The Effects of the Social Hierarchy on Beer: England 17-19th Century

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The Effects of the Social Hierarchy on Beer: England 17-19th Century
Petition presented to the Parliament (England 1673): “Before Brandy, which is now become common and sold in every little alehouse had come into England in such quantities as it now doth, we drank good strong beer and ale, and all laborious people (which are for the greater part of the Kingdom) their bodies requiring after hard labor, some strong drink to refresh them, did therefore every morning and evening used to drink a pot of ale or flagon of strong beer, which greatly helped the promotion of our grain, and did them no great prejudice; it hindereth not their work, neither did it take away their senses nor cost them much money.”[1]

Throughout England’s history,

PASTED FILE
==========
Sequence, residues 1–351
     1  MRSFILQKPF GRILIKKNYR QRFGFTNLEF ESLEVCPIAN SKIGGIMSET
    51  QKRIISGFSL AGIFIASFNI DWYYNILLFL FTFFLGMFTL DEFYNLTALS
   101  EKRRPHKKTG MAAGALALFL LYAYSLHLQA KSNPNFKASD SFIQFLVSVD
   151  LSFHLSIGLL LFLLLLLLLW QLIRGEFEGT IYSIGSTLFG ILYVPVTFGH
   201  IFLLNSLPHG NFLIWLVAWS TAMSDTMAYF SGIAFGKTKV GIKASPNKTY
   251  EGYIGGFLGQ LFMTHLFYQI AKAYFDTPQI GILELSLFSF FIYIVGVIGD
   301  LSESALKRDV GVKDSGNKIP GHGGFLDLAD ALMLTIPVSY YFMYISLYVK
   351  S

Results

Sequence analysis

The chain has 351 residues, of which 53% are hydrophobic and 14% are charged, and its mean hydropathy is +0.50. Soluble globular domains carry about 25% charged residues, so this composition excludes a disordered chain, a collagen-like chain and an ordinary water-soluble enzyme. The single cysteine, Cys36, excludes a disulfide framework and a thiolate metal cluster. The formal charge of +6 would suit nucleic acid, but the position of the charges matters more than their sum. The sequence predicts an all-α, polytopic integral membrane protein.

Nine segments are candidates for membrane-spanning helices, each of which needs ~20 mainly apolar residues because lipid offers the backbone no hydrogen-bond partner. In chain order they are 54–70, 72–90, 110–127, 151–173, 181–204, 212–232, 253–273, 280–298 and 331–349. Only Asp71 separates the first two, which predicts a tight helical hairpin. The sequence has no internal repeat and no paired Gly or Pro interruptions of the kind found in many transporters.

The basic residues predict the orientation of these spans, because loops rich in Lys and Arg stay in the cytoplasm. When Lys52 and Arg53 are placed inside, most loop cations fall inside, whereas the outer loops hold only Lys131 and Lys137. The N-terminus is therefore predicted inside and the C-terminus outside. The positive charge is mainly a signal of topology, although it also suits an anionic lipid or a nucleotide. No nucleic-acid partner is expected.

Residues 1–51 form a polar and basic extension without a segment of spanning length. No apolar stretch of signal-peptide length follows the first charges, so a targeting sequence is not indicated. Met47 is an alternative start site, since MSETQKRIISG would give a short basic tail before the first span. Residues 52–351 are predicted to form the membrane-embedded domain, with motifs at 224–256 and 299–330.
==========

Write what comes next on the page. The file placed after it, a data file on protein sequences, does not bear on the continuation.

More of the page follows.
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Even though this may seem irrelevant, in actuality it is very important, since it returned the lower classes back to consuming beer. Since the higher classes could not control their drinking habits, they turned back towards beer as a solution to their problem. For they were seen creating acts, which prohibited spirits and lowered the price of beer, as well as even reestablished the public houses to accommodate them with a place to drink. In doing so, the upper class was not only able to control the drinking habits of the working class, but also reestablish beer itself. With this, it is clearly apparent that the social hierarchy system in England during the eighteenth and nineteenth centuries is responsible for transforming beer into the ‘social drink’ it is today. Up until and even at some points during the seventeenth century, beer was originally relied on in England as a staple part of one’s diet. Englishmen of every class were seen consuming beer, but the working class was particularly dependent upon it.[4] Since it is generally assumed that most beer that was drank was small or weak, it has never been properly acknowledged for its importance as a
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